• SSA expanded this business process to an additional 7 local offices in the Philadelphia Region, bringing the total to 10 local offices whose mail is scanned centrally at the Wilkes-Barre Direct Operations Center and accessed by offices electronically.
  • Optimizing workloads:
    • Since work volumes can vary by locality, SSA is expanding its use of Common Calendars. Customers can schedule appointments more quickly.
    • SSA is also making it easier for local offices to share workloads in other tasks as needed, while safeguarding beneficiary information.
  • Simplifying policy:
    • For lump sum death payment cases, SSA is eliminating involved development for living in the same household, which will reduce the burden on survivors.
  • More automation:
    • SSA has also implemented Automated Medicare Process (AMP) for back-end processing of online Medicare claims. AMP will reduce processing time from 7 minutes to 7 seconds, freeing up the equivalent of around 40 people in Workload Support Units for other critical tasks.
    • During one of Commissioner O'Malley's regional visits, an employee in Boston identified the need for a simple technology fix to create a “no to all” button (similar to “select all”) within the claims-taking process on SSI applications. The “no-to-all” button saves employees and customers time during the application process. SSA was able to implement this fix within 4 weeks of the Commissioner first hearing the time-saving fix.
    • SSA is increasing use of Intelligent Medical Language Analysis Generation, or IMAGEN. The tool helps employees complete disability determinations by identifying and organizing evidence and allowing employees to input notes within the evidence. In February, IMAGEN was rolled out to Disability Determination Services (DDSs) for use with Continuing Disability Reviews.
    • To help reduce duplicative 1696 Forms and the number of calls to local offices, an enhancement to the Appointed Representative System was implemented in January, which allows appointed representatives and advocates to see which SSA-1696 Forms they submitted have been processed.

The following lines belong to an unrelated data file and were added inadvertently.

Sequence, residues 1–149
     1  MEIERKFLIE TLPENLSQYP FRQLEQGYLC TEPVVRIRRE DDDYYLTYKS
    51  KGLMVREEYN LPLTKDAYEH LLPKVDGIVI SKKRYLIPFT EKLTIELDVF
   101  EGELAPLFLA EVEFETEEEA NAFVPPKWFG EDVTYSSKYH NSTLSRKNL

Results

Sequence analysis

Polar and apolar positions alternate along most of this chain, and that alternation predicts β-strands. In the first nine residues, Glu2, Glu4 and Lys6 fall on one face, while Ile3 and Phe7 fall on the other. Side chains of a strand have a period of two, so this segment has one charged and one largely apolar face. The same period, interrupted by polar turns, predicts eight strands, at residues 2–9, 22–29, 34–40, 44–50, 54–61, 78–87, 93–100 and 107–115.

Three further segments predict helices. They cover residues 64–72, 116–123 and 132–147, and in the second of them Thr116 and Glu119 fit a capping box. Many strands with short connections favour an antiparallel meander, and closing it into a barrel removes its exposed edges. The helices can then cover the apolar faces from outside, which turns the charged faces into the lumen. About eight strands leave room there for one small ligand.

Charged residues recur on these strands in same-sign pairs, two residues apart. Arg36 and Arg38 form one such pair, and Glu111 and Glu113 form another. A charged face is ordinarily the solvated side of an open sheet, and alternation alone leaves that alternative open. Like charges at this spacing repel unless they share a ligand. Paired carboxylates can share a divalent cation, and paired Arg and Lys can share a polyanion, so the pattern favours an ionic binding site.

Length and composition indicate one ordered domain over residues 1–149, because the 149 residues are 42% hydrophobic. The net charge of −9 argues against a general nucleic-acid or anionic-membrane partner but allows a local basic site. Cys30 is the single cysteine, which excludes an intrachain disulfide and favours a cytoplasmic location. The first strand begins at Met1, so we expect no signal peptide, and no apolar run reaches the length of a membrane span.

Help with a Social Security Number (SSN) Card Without Visiting a Local Office

  • In February, SSA added Colorado, Virginia, and Wisconsin to the list of states where customers can update their SSN with a name change due to marriage - without visiting a local office - by using our online replacement Social Security Number card application process.
  • SSA is now on track to process one million more Enumeration Beyond Entry applications in FY 2024 compared to FY 2023, which reduces foot traffic in local offices and card centers from naturalized citizen applications.

Increased Focus on Helping Children

  • SSA is revising its sub-regulatory policy on dedicated account reporting responsibilities to make it easier for representative payees to use the funds for child SSI recipients' needs.
  • To improve service and outcomes for youth in foster care, SSA is providing technical assistance to states who are considering changes to state laws and policies, so beneficiary youths “aging out” of foster care are better served.

Fraud, Waste, and Abuse Prevention

  • SSA continues to improve processes to report potential fraud and to train our employees on fraud identification and prevention.
  • We are increasing use of geographic analysis to detect potentially fraudulent trends and enhanced analytics to monitor online transactions, resulting in program efficiencies and improved service to impacted customers.

Better Communications Overall

  • Technician Experience Dashboard: SSA completed the rollout of its Customer Relationship Management platform to all local offices and Workload Support Units to provide technicians a holistic view of the customer, including a transaction history, and a modernized path for inputs, saving time and improving accuracy, as well as improving interactions with our customers.
  • Redesigned disability content on SSA is making it easier for the public to read and understand content on its website in both English and Spanish. The goal is to provide clearer instructions on how to file for disability benefits via self-service options and set better expectations about wait times.
    • Seventy-eight percent of English-speaking visitors and 88 percent of Spanish-speaking visitors have rated the new content helpful.
    • SSA's new Limited English Proficiency (LEP) Hub is designed to help SSA employees help customers with limited English proficiency.
  • Created new Notices Review Team to ensure notices are understandable for customers and to explore ways to reduce administrative printing and postage costs of notices.
    • We are revising our sub-regulatory policy to add Customer Experience (CX) Review to our Notice Clearance Process. Making CX review a standard part of the Notice Clearance Review Process will help ensure customers are informed and guided, so they know what they need to do and when they need to do it.
  • Streamlining communications to new Medicare enrollees
    • SSA worked with CMS to add a button to the Medicare application confirmation screen on, which led users to a new landing page specially tailored for customers who just signed up for Part A and/or B, driving roughly 20,000 new users to the Medicare Getting Started page each month, and serving about 100,000 visitors since it went live in November 2023.